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Off Limits

The dangle angle

Sitting in the darkened Denver Civic Theatre last week, waiting for the first penis-puppetry contestant to arrive for his live audition, we could only wonder what kind of man would be so eager to take his show on the road. At least the real Puppetry of the Penisperformers get to wear capes and tennis shoes when they create their genital origami -- and then they collect paychecks for their efforts. But these wannabes would simply walk up on stage, drop trou and proceed to alter the angle of their dangle, with no Marvel Comics-style getup to conceal their saggy asses.

Much to the horror of the ten judges.

Perhaps, we thought, the performers' choice of underwear would give us a clue. Maybe briefs men were more inclined to go the full monty than boxer-lovers. But alas, the scientific evidence was scantier than the auditioners' undergarments, which ranged from a disturbing pair of red-white-and-black bikini briefs to nothing at all. There were pierced, tattooed urban dwellers and polo-shirted, loafer-wearing suburbanites; skinny, High Fidelity-type music geeks and freaky Larry Flynt devotees. One man even performed with his jeans pooled around his Ropers -- a very odd vision indeed.

But back to the saggy asses. There's nothing like a hairy, pimply ass in your face at 11 a.m. -- a full sixty minutes before the legitimate start of the drinking day. And yet the judges were provided no tasty cocktails to, uh, stiffen our resolve. One by one, the seven would-be puppeteers were called before us to bare their comedic souls and, more important, their wankers. As each contestant took the stage, he turned his back on the judges and prepped his parts into the appropriate formation for such tricks as the Wristwatch ("Take the head of your penis in your right hand; place it inside the left wrist; roll the wrist towards your body") and the Hamburger ("Place the testicles on your fingertips; roll the penis between the testicles; turn on a 90-degree angle; squeeze the testicles and hold like a hamburger"); while he performed the necessary manipulations, he'd inadvertently moon the judges, with the camera projecting his larger-than-life backside onto a movie screen. After that, seeing the actual meat puppets was a relief.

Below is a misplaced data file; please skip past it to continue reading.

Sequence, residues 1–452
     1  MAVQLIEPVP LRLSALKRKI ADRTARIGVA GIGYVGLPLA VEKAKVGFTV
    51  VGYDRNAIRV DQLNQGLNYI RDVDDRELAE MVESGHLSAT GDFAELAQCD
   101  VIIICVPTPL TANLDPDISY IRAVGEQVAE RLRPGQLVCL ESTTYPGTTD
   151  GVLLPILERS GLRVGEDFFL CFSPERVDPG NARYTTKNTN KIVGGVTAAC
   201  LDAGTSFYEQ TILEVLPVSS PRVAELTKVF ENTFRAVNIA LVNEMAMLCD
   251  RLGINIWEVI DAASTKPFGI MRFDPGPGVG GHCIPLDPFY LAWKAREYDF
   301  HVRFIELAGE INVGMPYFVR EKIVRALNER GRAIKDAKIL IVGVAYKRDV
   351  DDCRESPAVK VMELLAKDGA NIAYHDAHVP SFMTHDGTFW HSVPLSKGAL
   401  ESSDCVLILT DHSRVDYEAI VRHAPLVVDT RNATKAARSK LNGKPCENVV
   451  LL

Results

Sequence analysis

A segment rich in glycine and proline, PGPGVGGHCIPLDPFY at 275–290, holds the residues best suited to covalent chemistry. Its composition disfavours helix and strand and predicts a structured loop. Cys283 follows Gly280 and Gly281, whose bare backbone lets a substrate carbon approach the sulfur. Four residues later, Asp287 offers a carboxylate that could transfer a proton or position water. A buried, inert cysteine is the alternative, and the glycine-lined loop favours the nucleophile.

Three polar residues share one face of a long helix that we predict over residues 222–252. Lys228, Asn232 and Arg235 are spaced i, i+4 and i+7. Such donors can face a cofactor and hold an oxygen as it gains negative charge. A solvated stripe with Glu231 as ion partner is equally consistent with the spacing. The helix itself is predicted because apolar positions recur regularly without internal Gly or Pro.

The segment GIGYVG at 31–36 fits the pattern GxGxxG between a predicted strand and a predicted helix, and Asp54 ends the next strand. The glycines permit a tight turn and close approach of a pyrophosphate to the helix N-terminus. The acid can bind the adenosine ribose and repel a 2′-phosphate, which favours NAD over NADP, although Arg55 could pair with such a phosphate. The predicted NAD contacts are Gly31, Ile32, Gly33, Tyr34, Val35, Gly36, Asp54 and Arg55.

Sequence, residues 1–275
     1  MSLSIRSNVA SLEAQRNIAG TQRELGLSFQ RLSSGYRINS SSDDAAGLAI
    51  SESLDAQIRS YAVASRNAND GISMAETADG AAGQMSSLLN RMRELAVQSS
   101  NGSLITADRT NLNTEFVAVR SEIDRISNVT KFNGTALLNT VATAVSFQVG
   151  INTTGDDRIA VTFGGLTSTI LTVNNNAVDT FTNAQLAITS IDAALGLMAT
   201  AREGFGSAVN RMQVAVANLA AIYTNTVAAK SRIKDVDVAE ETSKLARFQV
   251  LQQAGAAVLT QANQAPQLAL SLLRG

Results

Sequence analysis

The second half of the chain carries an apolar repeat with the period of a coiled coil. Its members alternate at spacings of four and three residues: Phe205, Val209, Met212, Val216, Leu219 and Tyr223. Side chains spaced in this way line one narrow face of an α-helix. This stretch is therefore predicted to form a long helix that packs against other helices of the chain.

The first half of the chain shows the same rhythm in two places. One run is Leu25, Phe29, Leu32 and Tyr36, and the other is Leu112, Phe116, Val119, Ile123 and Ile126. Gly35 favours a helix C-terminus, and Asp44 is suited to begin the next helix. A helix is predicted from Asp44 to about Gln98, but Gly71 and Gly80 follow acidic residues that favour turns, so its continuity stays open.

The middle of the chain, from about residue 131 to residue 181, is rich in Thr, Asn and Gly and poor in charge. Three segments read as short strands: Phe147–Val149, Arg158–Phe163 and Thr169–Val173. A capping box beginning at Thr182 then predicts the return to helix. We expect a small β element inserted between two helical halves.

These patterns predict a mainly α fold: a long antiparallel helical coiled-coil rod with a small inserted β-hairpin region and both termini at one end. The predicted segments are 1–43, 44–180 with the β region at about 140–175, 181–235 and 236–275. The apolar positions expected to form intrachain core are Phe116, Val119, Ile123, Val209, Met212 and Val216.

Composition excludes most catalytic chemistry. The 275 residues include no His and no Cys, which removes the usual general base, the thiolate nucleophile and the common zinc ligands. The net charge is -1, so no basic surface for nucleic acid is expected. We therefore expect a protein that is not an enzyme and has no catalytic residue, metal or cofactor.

Besides, the judges were to disregard all derrieres, because they're covered during a real performance. In Puppetry of the Penis, it's what's up front that counts. And we're here to tell you, size does matter. It gives the puppeteer a little more to work with. (Really, who wants a Wimpy when they could have a Big Mac?) Still, the auditioners were graded on more than just their physical ability (although the uncircumcised have a technical advantage, since that extra flap of skin makes the Eiffel Tower much easier). Judges also had to consider smiles and stage presence. (One word of advice here: wax.)

"There's a level of acting and charm that sort of goes with the role," says Denver Civic spokeswoman Katie Rosin. "The seven people who auditioned -- not everyone had it. There's an entire package."

And two Denver men, it turns out, have the complete package. Just one problem: So far, they have yet to deliver. Rosin says they got their callbacks last week but haven't responded to an invitation to train with PoP stars Lincoln Davies and Jef Benjamin (the first official American practitioner of the "ancient art of genital origami"), whose Denver run has been extended through the end of November. If the hometown boys do well in rehearsal, Rosin says, they could have a gig in the Big Easy in early 2004.

And in the meantime, maybe this city has found its much-coveted new slogan: Denver -- Where the West Was Hung.

He shoots, he scores: If Denver is penis-obsessed, Eagle County District Attorney Mark Hurlbert has jism on the brain. And no wonder: In the Kobe Bryant sexual-assault case that Hurlbert's prosecuting, sperm is key. But papers filed in Eagle County Court on October 21 suggest that the DA's obsession with this particular substance may be getting more than a little sticky.

In his recent motion, Hurlbert asked the court to enforce a July 24 order threatening to sanction any lawyer or law-enforcement officer who gives material to the media that might potentially prejudice a jury. Specifically, Hurlbert was concerned with an October 11 article in the New York Daily News built upon the claim that semen from multiple partners was found in underwear belonging to the young woman who says Bryant raped her. In the News story, retired Eagle County Court judge William Jones said that Bryant attorney Hal Haddon had shared this particular development with him. If that was true, Hurlbert wrote, Haddon's loose lips were part of the defense's campaign "to get information in the public domain that has been specifically prohibited by the Court."

The document's loose spelling is another matter that should concern the court. As Hurlbert inaccurately reported Jones's quote from the News(the italics are ours), "There was more than one man's seamen in [the victim's] panties." We had no idea U.S. Navy personnel were involved in this case, too -- and twelve years after Tailhook, no less. Later, Hurlbert's motion stated (again, the italics are ours): "There appears to be a pattern [of] disregard for the Court's orders that cumulated with the Jones' leak."

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